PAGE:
Versatility puts Mone' Jones in spotlight

Eric Scott

Mone' Jones got her first recruiting letter from North Carolina when she was 12, and the Tar Heels remain one of the many options for the 6-foot-3 sophomore.

When Mone' Jones was 3, she trapped her uncle in a corner during a Christmas gathering and wouldn't let him go until he listened to her sing. By the time she was 6, she was singing solos in church.

Now at 16, it's others who can't stop singing Jones' praise.

The 6-foot-3 sophomore from Riverside (Durham, N.C.) is the No. 18 prospect in the espnW HoopGurlz Terrific 25 for the class of 2015. She's leading the Pirates in points (12.4), rebounds (7.5) and blocks (4.4). And it's not just her basketball skills people are lauding.

"She's the first one who helps someone up if they're down," said Riverside coach Alicia Jones, no relation. "And the first one to give them a pat on the back if they've done something good. She's pretty much the person who everyone talks to."

Her outgoing nature has helped her get comfortable with a leadership role even though other players have more experience.

"I have to put the team on my back to push them through," Jones said. "And I think that will help me on the next level."

Jones has been recruited for that "next level" since she was 12, although she didn't know it at first. She assumed a mailing she received from the University of North Carolina was an advertisement for a basketball camp. Then she opened it and saw the Tar Heels wanted her to come to campus for more than a summer -- the Durham native had received her first recruiting letter.

"It was crazy because I didn't realize that people were really looking at me in the seventh grade," Jones said. "They were talking about how they were interested in me, and I asked my parents, 'What is this? What is going on?' That's when I realized what was happening."

She is much more used to the attention now -- Jones has four bins full of letters from schools that are interested in her, and she has learned to not be distracted when college coaches watch her play. "People will say, 'Hey Mo, this is such and such,'" Jones said. "I really don't pay attention to it because I'm in game mode."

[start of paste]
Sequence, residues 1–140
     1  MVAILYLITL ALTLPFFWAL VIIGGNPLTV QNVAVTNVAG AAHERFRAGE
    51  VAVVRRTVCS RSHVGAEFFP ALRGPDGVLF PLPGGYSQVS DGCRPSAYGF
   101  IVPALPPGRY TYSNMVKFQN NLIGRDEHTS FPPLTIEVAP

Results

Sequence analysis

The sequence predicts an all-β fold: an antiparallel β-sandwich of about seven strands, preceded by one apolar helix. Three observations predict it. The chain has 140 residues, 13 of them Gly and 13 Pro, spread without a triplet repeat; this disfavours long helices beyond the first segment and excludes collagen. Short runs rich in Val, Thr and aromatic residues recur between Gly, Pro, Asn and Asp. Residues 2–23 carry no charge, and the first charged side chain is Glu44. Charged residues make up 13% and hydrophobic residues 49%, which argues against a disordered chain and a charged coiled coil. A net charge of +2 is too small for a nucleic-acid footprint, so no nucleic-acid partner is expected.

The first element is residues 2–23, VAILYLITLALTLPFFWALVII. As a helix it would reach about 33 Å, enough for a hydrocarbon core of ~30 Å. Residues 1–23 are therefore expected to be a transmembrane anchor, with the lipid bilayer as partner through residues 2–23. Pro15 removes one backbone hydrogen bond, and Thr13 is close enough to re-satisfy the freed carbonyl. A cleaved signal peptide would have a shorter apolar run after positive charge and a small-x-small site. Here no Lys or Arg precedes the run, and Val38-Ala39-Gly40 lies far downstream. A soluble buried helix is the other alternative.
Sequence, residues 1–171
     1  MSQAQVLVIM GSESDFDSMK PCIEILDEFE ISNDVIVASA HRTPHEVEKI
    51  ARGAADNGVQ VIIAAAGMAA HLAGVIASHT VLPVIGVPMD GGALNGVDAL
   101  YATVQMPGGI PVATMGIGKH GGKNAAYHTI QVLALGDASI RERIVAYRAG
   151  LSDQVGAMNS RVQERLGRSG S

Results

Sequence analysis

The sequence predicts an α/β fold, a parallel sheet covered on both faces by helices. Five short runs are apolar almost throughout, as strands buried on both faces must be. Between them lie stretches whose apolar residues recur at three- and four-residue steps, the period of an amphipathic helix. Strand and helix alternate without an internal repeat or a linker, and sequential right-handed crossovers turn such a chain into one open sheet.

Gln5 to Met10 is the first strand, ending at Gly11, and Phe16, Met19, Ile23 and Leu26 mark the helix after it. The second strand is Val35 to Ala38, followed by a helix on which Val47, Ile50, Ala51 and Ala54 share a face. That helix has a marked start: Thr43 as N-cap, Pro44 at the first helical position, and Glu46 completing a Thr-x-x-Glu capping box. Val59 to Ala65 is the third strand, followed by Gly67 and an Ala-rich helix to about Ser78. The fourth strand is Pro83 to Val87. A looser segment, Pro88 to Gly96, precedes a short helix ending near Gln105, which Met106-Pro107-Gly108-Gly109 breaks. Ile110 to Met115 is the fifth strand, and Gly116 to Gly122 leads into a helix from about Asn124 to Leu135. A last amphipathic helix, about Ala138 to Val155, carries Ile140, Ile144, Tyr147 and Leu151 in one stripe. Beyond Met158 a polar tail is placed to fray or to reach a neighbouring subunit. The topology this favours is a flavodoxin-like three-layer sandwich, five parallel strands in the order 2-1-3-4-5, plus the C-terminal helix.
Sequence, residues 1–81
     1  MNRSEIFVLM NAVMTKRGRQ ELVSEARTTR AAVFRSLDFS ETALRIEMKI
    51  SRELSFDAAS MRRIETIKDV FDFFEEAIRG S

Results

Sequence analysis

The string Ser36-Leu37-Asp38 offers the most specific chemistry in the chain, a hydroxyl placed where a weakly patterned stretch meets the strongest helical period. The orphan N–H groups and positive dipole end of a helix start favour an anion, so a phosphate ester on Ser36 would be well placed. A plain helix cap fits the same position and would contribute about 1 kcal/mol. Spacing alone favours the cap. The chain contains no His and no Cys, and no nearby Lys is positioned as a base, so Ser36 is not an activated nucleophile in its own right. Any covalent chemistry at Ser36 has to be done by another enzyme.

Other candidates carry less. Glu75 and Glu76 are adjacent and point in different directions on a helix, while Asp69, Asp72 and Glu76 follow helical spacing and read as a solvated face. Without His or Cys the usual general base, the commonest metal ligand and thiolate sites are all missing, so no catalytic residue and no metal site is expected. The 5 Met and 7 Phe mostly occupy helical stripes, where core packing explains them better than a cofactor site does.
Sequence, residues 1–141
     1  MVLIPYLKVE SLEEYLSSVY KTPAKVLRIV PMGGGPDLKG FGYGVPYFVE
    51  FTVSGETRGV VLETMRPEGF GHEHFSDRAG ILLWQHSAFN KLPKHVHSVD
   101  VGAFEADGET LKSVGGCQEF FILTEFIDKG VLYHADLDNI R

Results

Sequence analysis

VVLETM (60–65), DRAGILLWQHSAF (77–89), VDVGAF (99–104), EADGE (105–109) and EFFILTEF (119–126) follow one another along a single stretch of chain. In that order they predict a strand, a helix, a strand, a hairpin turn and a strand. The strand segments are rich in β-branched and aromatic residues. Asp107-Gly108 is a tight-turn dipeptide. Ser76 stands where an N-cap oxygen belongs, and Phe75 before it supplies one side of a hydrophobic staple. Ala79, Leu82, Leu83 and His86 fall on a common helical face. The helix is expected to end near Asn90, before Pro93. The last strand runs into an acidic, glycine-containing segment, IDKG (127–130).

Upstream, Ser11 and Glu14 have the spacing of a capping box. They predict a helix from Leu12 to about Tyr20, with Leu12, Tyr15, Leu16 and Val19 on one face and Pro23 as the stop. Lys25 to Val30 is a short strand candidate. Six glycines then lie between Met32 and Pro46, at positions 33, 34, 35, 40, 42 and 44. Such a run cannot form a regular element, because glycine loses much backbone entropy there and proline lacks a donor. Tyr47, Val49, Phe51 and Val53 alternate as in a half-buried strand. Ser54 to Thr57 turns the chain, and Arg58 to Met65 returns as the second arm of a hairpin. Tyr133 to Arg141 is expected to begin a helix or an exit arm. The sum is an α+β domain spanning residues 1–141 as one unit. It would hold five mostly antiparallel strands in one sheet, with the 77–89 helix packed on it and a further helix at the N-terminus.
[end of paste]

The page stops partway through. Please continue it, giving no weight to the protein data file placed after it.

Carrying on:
So far Jones has made unofficial visits to North Carolina, Duke, North Carolina State, Georgia Tech, South Carolina and Virginia, and also has been seen by the coaches of Maryland, Syracuse, Louisville, Penn State, Purdue, Miami, West Virginia and Auburn. She said she's most interested in a program that has a family atmosphere and a coach who is willing to push her.

Eric Scott

Mone' Jones leads her team in points, rebounds and blocks.

"The two big things I'm looking for are teammates [who] have your back no matter what and where you leave your heart on the floor all the time," Jones said. "And I'm looking for a coach that's going to get on me when I'm not doing right."

With her parents and coaches all telling her to take her time, Jones plans on keeping her options open and not making a decision until the end of her junior year or the beginning of her senior year.

One reason coaches are so intrigued is Jones' versatility. Jones played in the post when she was younger, but she started training to be a guard when her trainers told her that's where she would most likely be needed at the next level.

As a result, the multidimensional Jones can dribble the ball up the court when the guards need help, pop out to the wing and shoot from outside, or bring her defender into the post and do her damage from there.

"When I first started, I was a dominant post player, and then I stepped out to the wing," Jones said. "I'm comfortable either way. Whatever Coach needs me to do, I'll do."

Jones said her role model is Candace Parker, whose position on USA Basketball's website is listed as "Guard/Forward/Center." Jones also likes how Parker was always positive on the court, which is a quality she tries to emulate.

She also tries to keep her vocal chords in shape and wants to go into sports broadcasting eventually. And her dad, Bobby Jones, thinks all those singing performances as a kid have helped her with basketball.

"I think that helps her relax in clutch situations," Bobby said. "When she has to make free throws in critical situations in the game in front of everyone, she's not afraid to step up."

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